By "knowing the goal and the steps", I meant only that whoever is asking the bracer questions has a clear goal in mind, and knows what steps to take to achieve it.
The bracer can provide success / failure ratings for those steps, allowing the steps to be modified to achieve the goal.
OH, I see what you mean now. Point taken.
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Re: What questions would you use the Bracer to predict?

Postby noxharrington » Thu Oct 22, 2009 12:43 pm

"His bracer put it at a 98 percent chance that the Archons should have spotted some Gobwins in the mountains or Sizemore found some below ground by now. They'd either rolled a critical fumble, or something weird was going on."

How interesting.

"One thing he never volunteered in these meetings was that the bracer gave a 78% likelihood that there was something fishy going on with the lack of Gobwins and prevalence of Marbits."

Something fishy! My Lord, what a comprehensive power set this thing has.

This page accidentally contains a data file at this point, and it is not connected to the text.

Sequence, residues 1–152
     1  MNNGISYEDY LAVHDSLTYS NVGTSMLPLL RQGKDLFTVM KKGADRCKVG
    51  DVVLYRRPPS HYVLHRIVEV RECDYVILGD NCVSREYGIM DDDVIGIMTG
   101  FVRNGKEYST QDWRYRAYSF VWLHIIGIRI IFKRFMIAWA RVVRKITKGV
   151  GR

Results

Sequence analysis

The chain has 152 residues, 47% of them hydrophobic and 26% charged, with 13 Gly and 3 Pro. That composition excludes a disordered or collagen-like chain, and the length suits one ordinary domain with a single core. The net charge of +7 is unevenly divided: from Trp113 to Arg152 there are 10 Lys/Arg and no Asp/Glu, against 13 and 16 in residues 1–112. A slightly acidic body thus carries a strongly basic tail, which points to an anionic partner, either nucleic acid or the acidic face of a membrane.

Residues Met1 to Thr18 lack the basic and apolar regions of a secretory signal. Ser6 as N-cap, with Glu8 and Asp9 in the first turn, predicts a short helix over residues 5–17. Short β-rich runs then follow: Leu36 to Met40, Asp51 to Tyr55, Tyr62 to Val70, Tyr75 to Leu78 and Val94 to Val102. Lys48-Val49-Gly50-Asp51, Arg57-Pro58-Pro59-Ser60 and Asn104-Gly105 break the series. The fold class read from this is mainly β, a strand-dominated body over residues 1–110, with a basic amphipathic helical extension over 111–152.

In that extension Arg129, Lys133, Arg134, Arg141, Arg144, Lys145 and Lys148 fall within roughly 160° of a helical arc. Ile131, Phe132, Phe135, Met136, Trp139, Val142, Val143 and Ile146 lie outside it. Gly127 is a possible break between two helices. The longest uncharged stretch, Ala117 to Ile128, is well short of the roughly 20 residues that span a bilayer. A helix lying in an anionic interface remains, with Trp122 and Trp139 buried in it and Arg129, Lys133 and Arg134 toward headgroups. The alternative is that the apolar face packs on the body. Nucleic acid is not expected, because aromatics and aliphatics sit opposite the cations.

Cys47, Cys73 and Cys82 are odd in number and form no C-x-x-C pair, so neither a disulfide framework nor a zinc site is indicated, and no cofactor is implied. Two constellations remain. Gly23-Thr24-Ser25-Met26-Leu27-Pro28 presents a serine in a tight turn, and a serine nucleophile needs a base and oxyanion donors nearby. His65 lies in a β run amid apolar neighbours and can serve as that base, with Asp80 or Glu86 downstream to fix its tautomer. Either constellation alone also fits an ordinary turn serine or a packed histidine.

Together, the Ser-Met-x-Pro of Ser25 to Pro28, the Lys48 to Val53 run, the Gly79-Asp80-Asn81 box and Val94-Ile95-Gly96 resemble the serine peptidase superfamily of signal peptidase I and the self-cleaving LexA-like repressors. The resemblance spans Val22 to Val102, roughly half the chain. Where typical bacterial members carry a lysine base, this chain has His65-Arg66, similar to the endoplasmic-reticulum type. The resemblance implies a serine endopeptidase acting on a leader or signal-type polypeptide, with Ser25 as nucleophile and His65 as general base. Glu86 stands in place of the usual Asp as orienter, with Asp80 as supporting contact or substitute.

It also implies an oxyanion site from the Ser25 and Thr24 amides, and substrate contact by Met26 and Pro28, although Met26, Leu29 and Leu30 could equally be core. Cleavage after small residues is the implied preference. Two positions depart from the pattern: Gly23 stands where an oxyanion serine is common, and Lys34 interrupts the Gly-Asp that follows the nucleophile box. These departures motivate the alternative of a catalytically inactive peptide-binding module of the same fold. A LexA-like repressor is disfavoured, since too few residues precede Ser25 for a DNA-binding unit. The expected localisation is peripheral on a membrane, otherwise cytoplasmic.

"And if there was, then there was a better than 92% chance that the agency behind it was Charlescomm."

Wow. Ok, I am baffled. These numbers make no sense. If the bracer knows that there is "something fishy" going on, why does it give a 98% to finding something that is fishily not there? If it knows it's probably Charlie, why is it LESS sure that something is going on than it is about what is CAUSING the problem? Ok, maybe that last one is understandable - maybe if Parson pointed the bracer at ANY mystery problem and asked 'how likely is that to be Charlescomm messing with me" it would be likely. But I dunno - this is very strange.